Health Care

Broward Health pays nearly $70 million to settle fraud case; whistleblower named

Michael Reilly, an orthopedic surgeon from Fort Lauderdale, was the whistle blower in a lawsuit that alleged fraud at Broward Health, the public hospital system for North Broward. Reilly's suit sparked a federal investigation of the hospital system, and on Tuesday the U.S. Department of Justice accepted a $69.5 million payment from Broward Health to settle charges of healthcare fraud.
Michael Reilly, an orthopedic surgeon from Fort Lauderdale, was the whistle blower in a lawsuit that alleged fraud at Broward Health, the public hospital system for North Broward. Reilly's suit sparked a federal investigation of the hospital system, and on Tuesday the U.S. Department of Justice accepted a $69.5 million payment from Broward Health to settle charges of healthcare fraud.

Federal officials Tuesday revealed the identity of a Fort Lauderdale orthopedic surgeon who blew the whistle on illegal physician kickbacks, complicit hospital administrators and negligent financial oversight at taxpayer-supported Broward Health, leading the public hospital system to pay nearly $70 million to settle charges of healthcare fraud.

Michael Reilly, an orthopedic surgeon in private practice, said he felt vindicated Tuesday after the U.S. Department of Justice announced the fines stemming from a federal investigation launched after Reilly first filed suit in April 2010. He will receive $12 million from the financial recovery.

“Someone had to stop this machine,” said Reilly, who added that he first raised concerns about the improper physician payments to the hospital’s board of directors and administrators in 2003.

Reilly alleged in his lawsuit, which was unsealed Tuesday, that Broward Health administrators awarded employment contracts to a group of top physicians, including cardiologists and other specialists, that paid the doctors more than fair market value based on their ability to increase patient referrals to the hospital system, in violation of federal law.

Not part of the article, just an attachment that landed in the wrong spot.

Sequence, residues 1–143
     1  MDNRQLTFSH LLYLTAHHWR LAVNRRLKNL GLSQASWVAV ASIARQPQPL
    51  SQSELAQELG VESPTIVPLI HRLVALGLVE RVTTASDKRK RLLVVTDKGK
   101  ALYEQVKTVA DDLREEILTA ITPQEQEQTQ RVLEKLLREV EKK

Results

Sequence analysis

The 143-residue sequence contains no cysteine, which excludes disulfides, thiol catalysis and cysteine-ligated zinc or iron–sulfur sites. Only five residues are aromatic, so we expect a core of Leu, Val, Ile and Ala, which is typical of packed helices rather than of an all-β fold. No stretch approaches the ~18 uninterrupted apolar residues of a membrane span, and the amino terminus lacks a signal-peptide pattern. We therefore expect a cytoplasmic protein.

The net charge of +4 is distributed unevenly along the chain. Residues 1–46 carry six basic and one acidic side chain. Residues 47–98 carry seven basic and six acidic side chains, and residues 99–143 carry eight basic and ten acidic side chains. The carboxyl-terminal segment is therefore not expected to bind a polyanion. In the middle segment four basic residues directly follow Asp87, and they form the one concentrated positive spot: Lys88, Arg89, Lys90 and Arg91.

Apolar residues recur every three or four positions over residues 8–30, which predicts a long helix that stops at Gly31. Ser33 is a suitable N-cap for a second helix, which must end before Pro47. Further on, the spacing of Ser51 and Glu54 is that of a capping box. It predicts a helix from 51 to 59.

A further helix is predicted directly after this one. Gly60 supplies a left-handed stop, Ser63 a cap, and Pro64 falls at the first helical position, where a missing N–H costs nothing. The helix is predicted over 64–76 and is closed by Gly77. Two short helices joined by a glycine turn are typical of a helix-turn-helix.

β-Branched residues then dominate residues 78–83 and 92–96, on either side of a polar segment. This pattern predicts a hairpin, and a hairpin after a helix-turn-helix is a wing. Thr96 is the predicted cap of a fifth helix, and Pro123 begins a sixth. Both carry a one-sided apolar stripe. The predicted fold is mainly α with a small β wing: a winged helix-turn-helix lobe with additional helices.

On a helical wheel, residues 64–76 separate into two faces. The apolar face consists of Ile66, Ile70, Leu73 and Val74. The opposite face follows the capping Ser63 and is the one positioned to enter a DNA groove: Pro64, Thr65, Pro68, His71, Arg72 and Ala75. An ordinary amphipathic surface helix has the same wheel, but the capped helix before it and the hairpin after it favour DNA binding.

Not only were physicians improperly compensated based on their volume of patient referrals, Reilly said, they also were penalized for referring uninsured patients — discouraging the doctors from caring for the indigent, one of the primary missions of Broward Health, which receives about $150 million a year in local property taxes.

“That’s pretty sad for a government-supported hospital,” Reilly said.

The federal laws allegedly violated by Broward Health were designed to deter financial relationships between hospitals and doctors that could improperly influence physicians’ decisions about where to refer their patients for care.

“Those relationships can alter a physician’s judgment about the patient’s true health care needs and drive up health care costs for everybody,” Principal Deputy Assistant Attorney General Benjamin C. Mizer, head of the Justice Department’s Civil Division, said in a written statement announcing the settlement.

In addition, federal law prohibits hospitals from filing claims with government insurance programs such as Medicare and Medicaid for services to patients who were referred by a physician with an improper financial relationship.

Broward Health, which admitted no wrongdoing in the agreement, issued a written statement Tuesday noting that new leadership had put the federal investigation behind the $1 billion-a-year healthcare system, which includes four acute care hospitals, numerous outpatient clinics and other medical facilities throughout the county.

Nabil El Sanadi, an emergency room physician, was appointed CEO of Broward Health in December 2014. He said Tuesday that he had taken the necessary steps to reform the public hospital system.

“We closed that chapter, and as a healthcare system, we’re here to provide superb healthcare,’’ said El Sanadi, who also is a member of the Florida Board of Medicine, which oversees physicians and healthcare professionals in the state.

Reilly, who said he first learned of the physician payment practices after turning down a lucrative contract offer from Broward Health in 2000, added that he alerted the hospital system’s governing board numerous times about the improper arrangements.

Said his attorney, Bryan Vroon: “They ignored him.’’

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